heart is at the center of your circulatory system, which is a network of blood vessels
that delivers blood to every part of your body. Blood carries oxygen and other important
nutrients that all body organs need to stay healthy and to work properly.
heart is a muscle, and its job is to pump blood throughout your circulatory system.
How does my heart pump blood?
Your heart is divided
into two separate pumping systems, the right side and the left side.
right side of your heart receives oxygen-poor blood from your veins and pumps it to
your lungs, where it picks up oxygen and gets rid of carbon dioxide.
side of your heart receives oxygen-rich blood from your lungs and pumps it through
your arteries to the rest of your body.
The right atrium receives oxygen-poor blood from the body and
pumps it to the right ventricle through the tricuspid valve.
The right ventricle
pumps the oxygen-poor blood to the lungs through the pulmonary valve.
left atrium receives oxygen-rich blood from the lungs and pumps it to the left ventricle
through the mitral valve.
The left ventricle pumps the oxygen-rich blood through
the aortic valve out to the rest of the body.
The left and right atria
are smaller chambers that pump blood into the ventricles. The left and right ventricles
are stronger pumps. The left ventricle is the strongest because it has to pump blood
out to the entire body. When your heart functions normally, all four chambers work
together in a continuous and coordinated effort to keep oxygen-rich blood circulating
throughout your body. Your heart has its own electrical system that coordinates the
work of the heart chambers (heart rhythm) and also controls the frequency of beats
How does my heart maintain its normal
The task of your heart is to pump enough blood to deliver a continuous
supply of oxygen and other nutrients to the brain and the other vital organs. To do
this, your heart needs to:
Regulate the timing of your heartbeat.
Your heart's electrical system controls the timing of the
pump. The electrical system keeps your heart beating in a regular rhythm and adjusts
the rate at which it beats. When the electrical system is working properly, it maintains
a normal heart rate and rhythm. Problems with this electrical system can cause an
arrhythmia, which means that your heart chambers are beating in an uncoordinated or
random way or that your heart is beating too fast (tachycardia) or too slow (bradycardia).
your heart muscle healthy. The four chambers of your heart are made of a special
type of muscle called myocardium. The myocardium does the main pumping work: It relaxes
to fill with blood and then squeezes (contracts) to pump the blood. "Contractility"
describes how well the heart muscle squeezes. After pumping, your heart relaxes and
fills with blood. The muscle must be able to relax enough so that it can fill with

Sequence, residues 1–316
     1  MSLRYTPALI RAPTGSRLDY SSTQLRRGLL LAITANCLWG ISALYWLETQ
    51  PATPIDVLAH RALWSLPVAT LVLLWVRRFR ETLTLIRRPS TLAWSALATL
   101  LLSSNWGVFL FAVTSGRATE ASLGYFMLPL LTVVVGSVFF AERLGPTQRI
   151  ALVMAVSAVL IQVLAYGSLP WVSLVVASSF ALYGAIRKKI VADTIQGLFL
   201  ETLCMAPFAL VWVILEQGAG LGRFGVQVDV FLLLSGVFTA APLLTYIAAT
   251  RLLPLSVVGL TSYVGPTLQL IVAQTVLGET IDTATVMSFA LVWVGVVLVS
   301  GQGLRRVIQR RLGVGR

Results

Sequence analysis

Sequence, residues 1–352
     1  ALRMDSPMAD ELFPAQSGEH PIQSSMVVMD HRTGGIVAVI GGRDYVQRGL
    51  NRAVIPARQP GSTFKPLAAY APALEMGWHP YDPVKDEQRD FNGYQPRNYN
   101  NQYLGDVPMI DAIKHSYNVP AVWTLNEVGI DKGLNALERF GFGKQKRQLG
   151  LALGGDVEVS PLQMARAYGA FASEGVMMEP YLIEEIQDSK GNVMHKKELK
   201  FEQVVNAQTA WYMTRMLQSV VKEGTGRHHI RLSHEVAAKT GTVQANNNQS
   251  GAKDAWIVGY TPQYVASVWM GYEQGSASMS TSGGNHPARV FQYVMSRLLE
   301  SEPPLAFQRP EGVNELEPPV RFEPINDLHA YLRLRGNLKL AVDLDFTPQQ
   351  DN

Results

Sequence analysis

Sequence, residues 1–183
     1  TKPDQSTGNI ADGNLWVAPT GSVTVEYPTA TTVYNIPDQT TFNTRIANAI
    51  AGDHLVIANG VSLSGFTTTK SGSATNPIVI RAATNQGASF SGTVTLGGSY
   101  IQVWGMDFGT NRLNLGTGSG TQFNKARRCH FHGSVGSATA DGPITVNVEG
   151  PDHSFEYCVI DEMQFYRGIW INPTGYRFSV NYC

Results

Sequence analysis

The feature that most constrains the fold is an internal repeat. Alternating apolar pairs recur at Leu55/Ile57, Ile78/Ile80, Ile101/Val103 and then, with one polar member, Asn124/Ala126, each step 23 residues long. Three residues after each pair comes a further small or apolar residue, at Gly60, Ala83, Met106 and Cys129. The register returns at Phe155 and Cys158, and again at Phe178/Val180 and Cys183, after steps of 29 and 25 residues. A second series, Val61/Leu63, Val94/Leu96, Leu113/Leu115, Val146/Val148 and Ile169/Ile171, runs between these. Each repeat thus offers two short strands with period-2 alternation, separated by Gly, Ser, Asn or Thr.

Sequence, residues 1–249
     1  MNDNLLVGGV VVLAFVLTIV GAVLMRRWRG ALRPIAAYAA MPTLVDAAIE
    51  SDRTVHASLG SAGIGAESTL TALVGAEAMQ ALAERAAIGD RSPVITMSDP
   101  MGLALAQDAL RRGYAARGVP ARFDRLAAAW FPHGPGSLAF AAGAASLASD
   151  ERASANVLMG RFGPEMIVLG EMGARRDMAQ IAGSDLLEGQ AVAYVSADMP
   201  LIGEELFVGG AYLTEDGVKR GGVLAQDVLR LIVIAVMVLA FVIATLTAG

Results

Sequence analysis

blood properly before it pumps again. The health of your heart muscle affects both
its contractility and its ability to relax, both of which determine whether your heart
is able to pump enough blood each time it beats. Problems with the contractility of
your heart can be caused by problems with the muscle itself (such as a viral infection
of the heart muscle or an inherited heart muscle disorder) or by problems with the
blood supply to the heart muscle (such as reduced blood flow to the heart muscle,
called ischemia). Your heart muscle needs its own supply of blood because, like the
rest of your body, it needs oxygen and other nutrients to stay healthy. For this reason,
your heart pumps oxygen-rich blood to its own muscle through your coronary arteries.
blood flowing efficiently. Your heart has four valves that control the flow of
blood in and out of the chambers. There are valves between the atrium and the ventricle
on each side of your heart. There is also a valve controlling the flow of blood out
of each of your ventricles. The valves are designed to keep blood flowing forward
only. When each chamber contracts, a valve opens to allow blood to flow out. When
the chamber relaxes, the valve closes to prevent blood from leaking back into the
chamber and to allow the chamber to fill with blood again. A problem with your heart
valves can disrupt the normal flow of blood and cause problems for your heart.
Hoit BD, Walsh RA (2011).
Normal physiology of the cardiovascular system. In V Fuster et al., eds., Hurst's
The Heart, 13th ed., vol. 1, pp. 94-117. New York: McGraw-Hill.
ByHealthwise Staff Primary
Medical ReviewerRakesh K. Pai, MD - Cardiology, Electrophysiology Martin J. Gabica, MD - Family Medicine Adam
Husney, MD - Family Medicine Specialist Medical
ReviewerStephen Fort, MD, MRCP, FRCPC - Interventional
This information does not replace the advice of a doctor.
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